Aero: Kelsey Hamilton – France 2014 – Food and Dining


Aero: Kelsey Hamilton – France 2014 – Food and Dining
Creative Commons Image via The LEAF Project

Aero: Kelsey Hamilton – France 2014 – Food and Dining


Kelsey Hamilton

Coming from a country that is constantly on the go, using drive thru’s like Dunkin Donuts, Starbucks, and McDonald’s as a constant go-to for food, has altered our understanding of what good real rich food tastes like. When I first found out I would be traveling to France I knew I wanted to expand my plate, from the good ole’ meat and potatoes to something I couldn’t pronounce but knew it was something my taste buds had never experienced before.

Baguettes, crepes, croissants, and more, the food of Europe, the treats through out France gave a whole new meaning to rich and tasteful foods. The French lifestyle when it came to food is much different then ours. I noticed how they take hours to sit down for a meal, experience every bit of it, one course at a time. The family I stayed with wanted to make sure I had the full experience of French food always bringing me a new dish to try, and a drink to complement it. Their way of dining almost make me feel ashamed to eat what I do to keep up the energy I have to go on with my high strung go-go-go life.  

Breakfast was always something light, a buttered bun, or cracker with jam and a cup of coffee ifs what many of them started their day off with. I also did too, at first I felt as if I was starving but soon enough I learned that they might have a method to their crazy eating habits. Lunch was larger but filling, never just a sandwich or a salad something homemade and flavorful. Each meal never lacked flavor or interest for me; it was always something new and always brought me back to rethinking my own diet here at home. 

Out of all the meals we ate daily the one that you could see truly meant a lot to the French culture was dinner. Not only was it large, but also lasted quite a long time; salad, an entrée, dessert, and a drink to complement the flavors of the meal. Every dinner my family made they family took the time to make it from scratch. From buying the vegetables or meat that day at the market and bringing them home to prepare it, it was never just a throw in the oven baked meal. Their dinner started late at night (at least it was to me) but hat never seemed to bother them, that could explain why their breakfasts were so light. 

ML@FLCC France 2014 Flickr Gallery

ML@FLCC France 2014 Flickr Gallery

While dining out I was exposed to the French restaurant business and what goes there would never fly here. From stray dogs coming into café’s begging, to waitresses and waiters being a little less than nice to the customers you began to realize the difference in the dining cultures between France and the U.S. Waitressing is a just as common there as it is at home, but the difference was there were no tips accepted, and being a kind sweet waitress wasn’t exactly the first thing on their list when they first approached your table. The one experience that really brought this out for me was in Paris at a small café/restaurant the waiter was good, he brought us our food and drinks but lacked the personality and smile to invite people to be comfortable while in his presence. It is understandable going out to eat isn’t an everyday occurrence for many, and in a city like Paris full of tourists I can’t imagine being a waitress without tips could be too fun. At that same restaurant I experienced having a dog enjoy my meal as much as I did. Not only was it common for dogs to come in strolling off the streets to beg for food, but to have a few cross the street with you at the cross walks was just as interesting to me (along with the wonderful dog fecal mines coving many sidewalks). I found it humorous how they treat their dogs like people. Which is what many do here at home, but health code violations just don’t matter too much there.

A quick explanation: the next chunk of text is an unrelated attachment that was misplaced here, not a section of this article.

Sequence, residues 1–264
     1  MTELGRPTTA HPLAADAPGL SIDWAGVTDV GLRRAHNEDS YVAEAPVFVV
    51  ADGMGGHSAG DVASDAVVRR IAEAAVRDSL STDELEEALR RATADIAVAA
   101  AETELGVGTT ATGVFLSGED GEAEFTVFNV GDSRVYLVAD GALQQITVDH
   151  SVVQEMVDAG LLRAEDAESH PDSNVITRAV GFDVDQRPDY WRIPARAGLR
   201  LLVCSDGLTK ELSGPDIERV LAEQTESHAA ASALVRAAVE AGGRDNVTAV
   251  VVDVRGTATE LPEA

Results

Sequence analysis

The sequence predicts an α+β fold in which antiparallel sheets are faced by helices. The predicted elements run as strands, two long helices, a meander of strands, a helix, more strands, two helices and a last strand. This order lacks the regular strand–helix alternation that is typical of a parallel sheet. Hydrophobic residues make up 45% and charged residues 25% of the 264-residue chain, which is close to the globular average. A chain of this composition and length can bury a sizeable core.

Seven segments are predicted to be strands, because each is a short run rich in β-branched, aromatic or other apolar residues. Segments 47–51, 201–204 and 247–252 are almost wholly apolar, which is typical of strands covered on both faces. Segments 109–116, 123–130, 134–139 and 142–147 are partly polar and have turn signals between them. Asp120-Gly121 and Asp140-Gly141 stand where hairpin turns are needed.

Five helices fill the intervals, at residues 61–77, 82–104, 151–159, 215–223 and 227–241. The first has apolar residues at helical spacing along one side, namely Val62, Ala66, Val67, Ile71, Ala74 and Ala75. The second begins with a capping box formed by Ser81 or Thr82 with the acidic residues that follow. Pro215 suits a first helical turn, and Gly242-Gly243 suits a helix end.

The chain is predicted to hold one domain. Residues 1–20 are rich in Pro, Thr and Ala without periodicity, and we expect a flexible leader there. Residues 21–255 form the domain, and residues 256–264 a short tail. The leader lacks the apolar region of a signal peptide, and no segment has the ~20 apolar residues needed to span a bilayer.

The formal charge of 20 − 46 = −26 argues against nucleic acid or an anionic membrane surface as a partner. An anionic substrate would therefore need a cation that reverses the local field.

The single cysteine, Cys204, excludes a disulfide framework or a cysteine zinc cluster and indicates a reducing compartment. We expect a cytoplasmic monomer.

Overall my dining experience fulfilled my expectations, from the croissants to the crepes my taste buds were never disgusted or freaked out (quite frankly I am pretty sure they thank me) Cause MacDonald’s, or Wegmans just doesn’t cut it some days. Food is a rich, colorful, and beautiful aspect to the French culture, one I have taken home with me to share with my family and friends and amerce them into the wonderful world of French food.

Learn More: Study abroad with Modern Languages @ FLCC

– Kelsey Hamilton

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